Spam texts refer to any unsolicited and/or unwanted messages to your cell phone, according to the Federal Trade Commission (FTC). These messages count against your text plan.

Many spam texts announce that you’ve won something or that you qualify for an exclusive offer. The messages then entice you to collect your prize by going to a website or calling a number.

“Text message spam is a triple threat,” FTC says. “It often uses the promise of free gifts or product offers to get you to reveal personal information; it can lead to unwanted charges on your cell phone bill; and it can slow cell phone performance.”

To protect yourself from text message spam, the commission recommends taking the following steps:

  • Delete text messages that ask you to confirm or provide personal information: Legitimate companies will never ask for account numbers or passwords via text.
  • Don’t reply or click on links provided in text messages from unknown users: Links can install malware on your device and take you to spoof websites whose purpose is to steal your information.
  • Treat your personal information like cash: Your Social Security, credit card and bank numbers can be used to steal your money or open new accounts in your name. Don’t give them out in response to a text.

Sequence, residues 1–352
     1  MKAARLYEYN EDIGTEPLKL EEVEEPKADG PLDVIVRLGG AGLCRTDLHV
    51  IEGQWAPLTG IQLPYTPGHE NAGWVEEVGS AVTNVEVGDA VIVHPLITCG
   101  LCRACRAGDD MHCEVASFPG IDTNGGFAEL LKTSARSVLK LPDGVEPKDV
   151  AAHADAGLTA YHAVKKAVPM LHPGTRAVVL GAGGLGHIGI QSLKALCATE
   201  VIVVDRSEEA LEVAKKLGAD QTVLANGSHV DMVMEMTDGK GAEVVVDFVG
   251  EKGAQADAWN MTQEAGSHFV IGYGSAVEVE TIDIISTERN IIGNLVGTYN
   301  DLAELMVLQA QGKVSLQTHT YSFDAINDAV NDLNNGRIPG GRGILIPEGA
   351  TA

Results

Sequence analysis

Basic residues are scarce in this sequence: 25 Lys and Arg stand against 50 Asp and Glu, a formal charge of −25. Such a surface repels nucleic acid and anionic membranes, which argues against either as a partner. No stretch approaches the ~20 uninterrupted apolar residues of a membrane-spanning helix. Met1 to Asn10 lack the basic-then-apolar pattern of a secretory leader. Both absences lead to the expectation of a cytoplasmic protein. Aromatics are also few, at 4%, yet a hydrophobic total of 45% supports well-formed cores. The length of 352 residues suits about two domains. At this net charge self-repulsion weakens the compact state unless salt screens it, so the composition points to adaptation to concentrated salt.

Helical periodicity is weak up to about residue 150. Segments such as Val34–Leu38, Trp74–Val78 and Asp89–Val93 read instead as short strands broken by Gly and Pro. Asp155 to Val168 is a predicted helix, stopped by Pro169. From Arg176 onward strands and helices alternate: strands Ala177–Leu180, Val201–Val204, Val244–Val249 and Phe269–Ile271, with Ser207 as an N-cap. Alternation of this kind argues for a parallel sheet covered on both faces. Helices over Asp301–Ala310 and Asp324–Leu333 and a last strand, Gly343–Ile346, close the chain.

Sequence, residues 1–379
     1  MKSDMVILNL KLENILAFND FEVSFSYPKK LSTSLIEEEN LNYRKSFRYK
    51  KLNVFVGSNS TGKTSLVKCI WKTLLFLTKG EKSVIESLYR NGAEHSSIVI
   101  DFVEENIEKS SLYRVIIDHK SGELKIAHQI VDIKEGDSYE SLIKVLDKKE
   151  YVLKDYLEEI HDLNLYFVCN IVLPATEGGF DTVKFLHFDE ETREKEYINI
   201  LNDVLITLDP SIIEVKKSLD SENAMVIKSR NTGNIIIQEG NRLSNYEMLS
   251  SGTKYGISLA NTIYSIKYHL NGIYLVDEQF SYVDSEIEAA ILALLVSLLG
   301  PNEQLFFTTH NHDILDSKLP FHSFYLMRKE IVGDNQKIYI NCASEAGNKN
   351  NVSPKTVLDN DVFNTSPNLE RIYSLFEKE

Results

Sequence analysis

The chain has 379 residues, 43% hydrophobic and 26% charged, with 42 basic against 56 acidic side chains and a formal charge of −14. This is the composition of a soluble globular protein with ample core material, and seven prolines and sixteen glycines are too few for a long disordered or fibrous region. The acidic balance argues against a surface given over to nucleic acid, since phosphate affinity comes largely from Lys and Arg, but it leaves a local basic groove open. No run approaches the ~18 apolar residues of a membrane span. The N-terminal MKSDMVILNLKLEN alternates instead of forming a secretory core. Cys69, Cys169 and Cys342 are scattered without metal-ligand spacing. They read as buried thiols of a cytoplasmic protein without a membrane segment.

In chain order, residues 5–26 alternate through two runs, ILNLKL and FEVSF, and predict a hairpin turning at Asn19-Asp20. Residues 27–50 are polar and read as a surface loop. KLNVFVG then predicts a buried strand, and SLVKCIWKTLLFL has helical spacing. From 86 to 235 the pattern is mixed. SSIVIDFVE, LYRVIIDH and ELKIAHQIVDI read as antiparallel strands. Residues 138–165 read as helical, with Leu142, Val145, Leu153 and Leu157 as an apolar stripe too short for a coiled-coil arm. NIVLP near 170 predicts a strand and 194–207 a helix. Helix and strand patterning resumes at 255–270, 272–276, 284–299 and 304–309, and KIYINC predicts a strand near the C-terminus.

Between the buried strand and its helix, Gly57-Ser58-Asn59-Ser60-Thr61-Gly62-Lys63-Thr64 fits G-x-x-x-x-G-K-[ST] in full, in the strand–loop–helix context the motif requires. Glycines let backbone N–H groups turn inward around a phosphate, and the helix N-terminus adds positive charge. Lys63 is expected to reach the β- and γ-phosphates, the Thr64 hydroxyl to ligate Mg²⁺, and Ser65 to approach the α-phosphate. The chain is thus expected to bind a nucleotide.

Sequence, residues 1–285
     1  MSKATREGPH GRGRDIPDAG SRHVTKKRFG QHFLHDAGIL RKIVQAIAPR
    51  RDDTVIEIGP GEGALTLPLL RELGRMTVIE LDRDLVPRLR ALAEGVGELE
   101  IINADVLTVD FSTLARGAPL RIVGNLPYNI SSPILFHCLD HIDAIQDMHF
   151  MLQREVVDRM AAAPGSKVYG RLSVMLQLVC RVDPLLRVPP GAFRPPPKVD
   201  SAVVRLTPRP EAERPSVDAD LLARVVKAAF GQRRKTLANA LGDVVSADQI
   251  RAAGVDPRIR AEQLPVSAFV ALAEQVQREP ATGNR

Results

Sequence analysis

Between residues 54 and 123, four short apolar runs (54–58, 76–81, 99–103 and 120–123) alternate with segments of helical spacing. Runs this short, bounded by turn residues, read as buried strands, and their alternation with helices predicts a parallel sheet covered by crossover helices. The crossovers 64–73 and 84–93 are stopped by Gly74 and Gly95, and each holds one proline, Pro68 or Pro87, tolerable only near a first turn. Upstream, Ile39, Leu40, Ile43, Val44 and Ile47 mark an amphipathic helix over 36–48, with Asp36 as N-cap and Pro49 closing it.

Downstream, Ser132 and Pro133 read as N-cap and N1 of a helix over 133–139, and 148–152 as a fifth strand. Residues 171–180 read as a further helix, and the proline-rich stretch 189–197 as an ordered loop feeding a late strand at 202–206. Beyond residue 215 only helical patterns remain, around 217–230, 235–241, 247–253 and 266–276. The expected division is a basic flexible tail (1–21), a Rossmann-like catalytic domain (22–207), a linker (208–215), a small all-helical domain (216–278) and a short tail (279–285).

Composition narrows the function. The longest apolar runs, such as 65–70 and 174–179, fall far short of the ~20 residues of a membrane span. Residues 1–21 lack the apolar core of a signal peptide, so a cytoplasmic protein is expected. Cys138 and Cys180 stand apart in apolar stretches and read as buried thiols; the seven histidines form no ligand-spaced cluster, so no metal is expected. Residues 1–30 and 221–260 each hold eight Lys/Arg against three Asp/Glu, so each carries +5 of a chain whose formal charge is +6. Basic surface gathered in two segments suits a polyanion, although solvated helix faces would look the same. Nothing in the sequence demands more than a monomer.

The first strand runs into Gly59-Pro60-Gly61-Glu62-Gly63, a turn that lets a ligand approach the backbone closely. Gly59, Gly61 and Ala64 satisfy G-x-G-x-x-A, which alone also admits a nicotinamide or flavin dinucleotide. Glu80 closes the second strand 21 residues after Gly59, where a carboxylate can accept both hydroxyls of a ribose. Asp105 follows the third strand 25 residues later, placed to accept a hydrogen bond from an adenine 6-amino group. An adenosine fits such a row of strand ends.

• Place your cell phone number on the National Do Not Call Registry.
  • If your carrier is AT&T, T-Mobile, Verizon, Sprint or Bell, you can report spam texts by copying the original message and forwarding it to 7726 (SPAM), free of charge.
  • Review your cell phone bill for unauthorized charges, and report them to your carrier.

The Telephone Consumer Protection Act (TCPA) places restrictions on automated phone solicitations, imposing requirements that limit how and when a business can send text messages to reach customers. Any business that markets with automated phone calls or text messages must understand TCPA’s requirements, particularly relating to the prior express consent needed to make calls or send texts.

If you’ve been the victim of unsolicited messages to your mobile phone, you may be able to file a lawsuit with the help of a TCPA attorney. Consumers who have pursued legal action to stop text spamming have had widespread success in cases across the U.S.

Source: Consumer Affairs

Posted by Ray Simon

Ray Simon is a veteran copywriter with more than a decade's worth of experience in the field. He studied journalism at Vanderbilt University, graduating Cum Laude in 2007. Ray currently specializes in writing content and news articles for independent publications.